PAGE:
Saturday, October 31, 2015

Jesus' Meaning in the Beatitudes, Part III

This is the last part in my series on Jesus' teachings of the Beatitudes.

Matthew 5:9 NIV reads, Blessed are the peacemakers for they will be called the children of God.

The term peacemaker is from the Greek word aranopois which means those who embrace or love peace. That's pretty straight forward.  The term "children of God" merely means a son or decendent.

Jesus tirelessly teaches the importance of living peacefully. Throughout his ministry he urged us to seek peaceful solutions. Whenver we use force or violence to solve our differences it only leads to more strife. We've heard the term, "like father like son."  If we adapt this peaceful way of co-existing with each other we verify that we are most definitely like our heavenly Father.

Verse 10. Blessed are those who are persecuted for the sake or righteouness for theirs is the kingdom of heaven.

Persecuted comes from the Greek word deoko meaning persecuted or mistreated on account of something.

The word righteouness was explained in my study of verse 6 and is the same meaning -- that of being approved by God and it has to do with purity, rightness, integrity and virtue.

The term "heaven" can refer to the sky but it can also refer to the place where God dwells.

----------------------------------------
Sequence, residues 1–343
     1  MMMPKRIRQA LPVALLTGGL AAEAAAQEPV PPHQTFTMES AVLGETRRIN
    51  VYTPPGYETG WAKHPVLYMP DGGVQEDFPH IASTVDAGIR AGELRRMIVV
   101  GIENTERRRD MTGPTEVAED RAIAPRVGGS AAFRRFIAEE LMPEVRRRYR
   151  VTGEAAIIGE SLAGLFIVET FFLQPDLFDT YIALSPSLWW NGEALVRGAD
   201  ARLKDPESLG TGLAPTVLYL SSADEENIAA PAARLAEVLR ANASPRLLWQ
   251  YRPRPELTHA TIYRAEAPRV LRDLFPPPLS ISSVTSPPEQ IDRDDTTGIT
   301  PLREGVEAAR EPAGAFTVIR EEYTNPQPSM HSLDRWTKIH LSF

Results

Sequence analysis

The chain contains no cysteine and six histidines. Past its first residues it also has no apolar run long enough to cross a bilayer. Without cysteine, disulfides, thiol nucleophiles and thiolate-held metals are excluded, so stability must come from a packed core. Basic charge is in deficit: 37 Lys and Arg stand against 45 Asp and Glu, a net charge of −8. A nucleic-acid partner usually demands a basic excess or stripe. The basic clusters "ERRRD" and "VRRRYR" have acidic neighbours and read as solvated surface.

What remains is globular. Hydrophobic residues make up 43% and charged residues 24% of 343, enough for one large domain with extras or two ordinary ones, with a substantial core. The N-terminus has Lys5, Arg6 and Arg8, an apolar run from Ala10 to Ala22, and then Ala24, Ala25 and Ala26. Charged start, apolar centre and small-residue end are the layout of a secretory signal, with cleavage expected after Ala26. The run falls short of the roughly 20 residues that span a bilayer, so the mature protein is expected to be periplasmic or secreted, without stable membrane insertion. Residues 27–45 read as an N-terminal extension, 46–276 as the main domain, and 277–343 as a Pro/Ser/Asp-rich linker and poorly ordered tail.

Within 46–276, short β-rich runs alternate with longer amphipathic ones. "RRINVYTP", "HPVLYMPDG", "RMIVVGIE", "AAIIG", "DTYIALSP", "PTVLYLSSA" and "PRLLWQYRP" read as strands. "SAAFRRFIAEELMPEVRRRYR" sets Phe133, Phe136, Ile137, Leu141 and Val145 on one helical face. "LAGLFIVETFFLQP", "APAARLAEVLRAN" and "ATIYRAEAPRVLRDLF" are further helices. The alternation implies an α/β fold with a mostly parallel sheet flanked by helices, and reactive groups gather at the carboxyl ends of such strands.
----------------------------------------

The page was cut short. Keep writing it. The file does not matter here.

This verse means that if we undergo persecution for teaching God's message then we are a citizen in God's kingdom. So when you weather such torments (either physical or mental) hold on to this sure knowledge that no one can take away your spritiual standing and place with the King.

Verrse 11. Blessed are you when people insult you, persecute you and falsely say all kinds of evil against you because of me.

God loves us and is proud of us when we are unjustly accused of wrong doings or not speaking the truth. It doesn't go unnoticed by him.

Verse. 12.  Rejoice and be glad, because great is your reward in heaven for in the same way the persecuted the prophets who were before you.

Don't dwell on these unjustices, In fact, be thankful.  That fact that you are being treated this way means that your message (Jesus' message) is having an impact and you are in good company. People didn't listen to the words of the prophets either and they were direct messengers of God. In the end you will have a greater reward so hold on to that treasure in heaven.

One thing I always wondered when studying the Beattitudes is why Jesus changed up his takeaway at the end of each verse. Sometimes he says, we will be the children of God. Sometimes he says we will inherit the kingdom of heaven. Nearly every statement has a slightly different end reward. Why is that?

My theory is that Jesus varied what he said to state nearly the same concept in different ways so that people grasped it better. Just as he taught the parables on the same subject matter with different illustrations, he changes up the takeaway for much the same reason.

In each circumstance he wants us to know that God understands the challenges and suffering we endure and they they don't go unheeded. Jesus' teaching in the beattitudes illuminates a peaceful kingdom, one where the underdog and down trodden are valued. We are challenged to mirror our lives based on Jesus' teachings. When we do, even when life gets us down, we can hold on to this truth, the suffering is only temporary.  There is a just and loving King who welcomes us into His spiritual kingdom and will balance out all the injustice in the end.





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